From here one would go to the Noahic Covenant, which as indicated by Alexander and Baker, was a retelling of the creation story (Ibid., 323-324), which would give credibility to a covenant with Adam. If Noah–the one from whom all life would come–received a covenant, would not the original one from whom all life would come also have received a covenant, even if not explicitly laid out? It would seem, at minimum, plausible. The Noahic Covenant was, like the Adamic, a covenant of grace. It’s sign and blessing was that of a rainbow. Unlike Adam’s covenant, this one is eternal. “God promises here are not contingent upon human response or behavior,” (Ibid., 140). However, like the Adamic, there are calls to obedience: no eating of blood, multiply and fill the earth (subdue it). “Thus, the primary obligation imposed on humanity is that of fulfilling the role appointed by God in the beginning,” (Ibid.).

Both Williams (p. 100) and Alexander and Baker (p. 143) would agree that the Abrahamic Covenant builds off the Noahic and the Mosaic/Sinaitic builds from the Abrahamic. One of the issues that I struggled with long ago was that of the Abrahamic Covenant not truly being a covenant of grace since to be part of the covenant one, if he were male, must be circumcised. If he was not, he was cut off from the people and the covenant. If, according to Alexander and Baker, God was narrowing the focus from filling the earth to simply making a nation that would bring blessing to the earth (Ibid., 356), this would seem to make perfect sense. God’s covenant with Abraham and his descendants cannot be circumvented by allowing anyone to come in anytime they please, nor allowing anyone to stay in when they will not abide. Whether one sees Genesis’s chapters 12, 15, and 17 as one covenant expansion or as separate covenants, chapter 17 ultimately includes all the substance of the previous two (seed, land, and blessing), and incorporates circumcision as both a sign and blessing.  The sign to remind the male of God’s promises and a blessing for without it all the promises would be removed as he would be cut off. Thus, while the Abrahamic Covenant was one of grace in the same manner as the Adamic and Noahic (no one compelled God to make a covenant, but He did so out of grace), it was not unconditional, and so not in any real way, eternal (according to man’s standard).

It is not difficult, therefore, to see how the Mosaic Covenant is an extension or expansion of the Abrahamic. In one sense, one could say that it was a reissuance of Abraham’s to the entire nation, however in another sense, the Mosaic is better thought of as being encompassed within the Abrahamic (Ibid., 150). The sign of the Mosaic Covenant (as well as its blessing) is that of the Sabbath rest, not only Saturdays, but any and all Sabbaths. “You are to speak to the people of Israel and say, ‘Above all you shall keep my Sabbaths, for this is a sign between me and you throughout your generations, that you may know that I the LORD, sanctify you,” (Ex 31:13, ESV; italics mine). Once again, to break the Sabbath is cause for being cut off from the covenant and thus the blessing. The Sabbath blessing was not the only blessing, but it was a sign of the blessed rest in God. One should not forget that according to 2 Chronicles 36:20-21, the Israelites were taken into Babylon so that the land could enjoy its Sabbaths that the people never kept; thus, not keeping the sign and so not keeping the blessings, but rather being cut off.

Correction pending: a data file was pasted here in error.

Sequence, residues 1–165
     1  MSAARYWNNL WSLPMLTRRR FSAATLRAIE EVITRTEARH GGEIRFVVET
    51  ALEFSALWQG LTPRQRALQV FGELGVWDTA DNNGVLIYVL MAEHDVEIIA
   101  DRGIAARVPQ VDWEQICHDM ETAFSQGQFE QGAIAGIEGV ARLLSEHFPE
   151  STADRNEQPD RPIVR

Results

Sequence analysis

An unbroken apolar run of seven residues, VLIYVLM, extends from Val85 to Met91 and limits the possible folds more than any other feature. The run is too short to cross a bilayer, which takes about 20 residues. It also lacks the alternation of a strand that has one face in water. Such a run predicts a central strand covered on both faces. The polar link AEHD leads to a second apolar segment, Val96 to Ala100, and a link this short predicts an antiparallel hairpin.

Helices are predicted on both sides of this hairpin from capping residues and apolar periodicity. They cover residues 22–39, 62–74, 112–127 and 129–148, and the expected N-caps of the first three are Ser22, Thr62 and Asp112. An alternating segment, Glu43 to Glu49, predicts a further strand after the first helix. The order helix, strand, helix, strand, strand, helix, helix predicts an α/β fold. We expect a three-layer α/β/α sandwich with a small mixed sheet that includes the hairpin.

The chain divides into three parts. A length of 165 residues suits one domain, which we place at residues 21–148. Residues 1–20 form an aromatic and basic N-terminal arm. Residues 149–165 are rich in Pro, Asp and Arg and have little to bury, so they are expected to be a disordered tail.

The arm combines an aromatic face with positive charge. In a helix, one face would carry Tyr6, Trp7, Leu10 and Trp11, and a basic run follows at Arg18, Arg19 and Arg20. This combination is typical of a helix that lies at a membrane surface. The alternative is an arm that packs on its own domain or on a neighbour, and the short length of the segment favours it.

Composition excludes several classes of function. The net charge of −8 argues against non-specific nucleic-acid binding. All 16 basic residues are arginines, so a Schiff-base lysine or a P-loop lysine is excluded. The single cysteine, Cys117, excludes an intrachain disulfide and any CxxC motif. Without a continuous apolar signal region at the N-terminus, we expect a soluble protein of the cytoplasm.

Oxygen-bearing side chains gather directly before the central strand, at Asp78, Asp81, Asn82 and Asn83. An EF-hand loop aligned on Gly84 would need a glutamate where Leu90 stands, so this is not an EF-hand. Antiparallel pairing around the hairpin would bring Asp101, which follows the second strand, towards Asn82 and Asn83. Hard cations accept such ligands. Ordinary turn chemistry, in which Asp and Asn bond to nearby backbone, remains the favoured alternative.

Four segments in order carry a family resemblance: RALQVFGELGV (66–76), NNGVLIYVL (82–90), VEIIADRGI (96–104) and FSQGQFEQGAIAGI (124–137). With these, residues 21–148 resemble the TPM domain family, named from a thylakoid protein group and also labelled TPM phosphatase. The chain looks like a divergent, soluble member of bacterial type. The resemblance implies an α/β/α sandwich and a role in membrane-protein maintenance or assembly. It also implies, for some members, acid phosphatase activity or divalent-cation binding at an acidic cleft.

What is interesting is that Alexander and Baker only mention the Suzerain treaty in passing.  Williams (citing G. E. Mendenhall) notes six components of such a treaty paralleling with Exodus:

  1. Preamble – Ex. 20:2 “I am the LORD your God”
  2. Historical Prologue – Ex. 20:2 “who brought you out of the land of Egypt, out of the house of slavery”
  3. Covenant Stipulations – Ex. 20:3-17 (The Ten Commandments)
  4. Public reading of the document – Ex. 24:1-11
  5. Deposit of the tablets – Ex. 25:16 (often 2 copies were made, 1 for the king and 1 for the vassal, leaving the possibility that the two tablets in Moses’s hands were identical copies rather than 5 to 5 or 4 to 6 commandments on each)
  6. Giving of blessings/cursings depending on adherence – the rest of the Old Testament (but predicted in Deuteronomy 28-30)
    (Williams, Far As the Curse is Found, 141-142)

Williams also pointed out that in giving this covenant, Israel was agreeing to have God as their King and they would be His servants (vassals – a kingdom of priests and holy nation). At the same time, God covenanted with the people to “fulfill his promised role as covenant overlord to his people,” (Ibid., 143).

Taking all this information together, one may define covenant as an initiative by a loving and gracious God to an undeserving people to show that love and grace through blessings, protection, and discipline. Each covenant goes deeper and wider, becoming deeply rich in its implications and widely spread encompassing 2 persons, then 8, then a nation, finding its ultimate and truest form in Jesus Christ given to all who believe.

Once again, you get to enjoy what I am studying in my Old Testament Survey class. Feel free to respond. I’d love to hear from you, even if it is about covenants.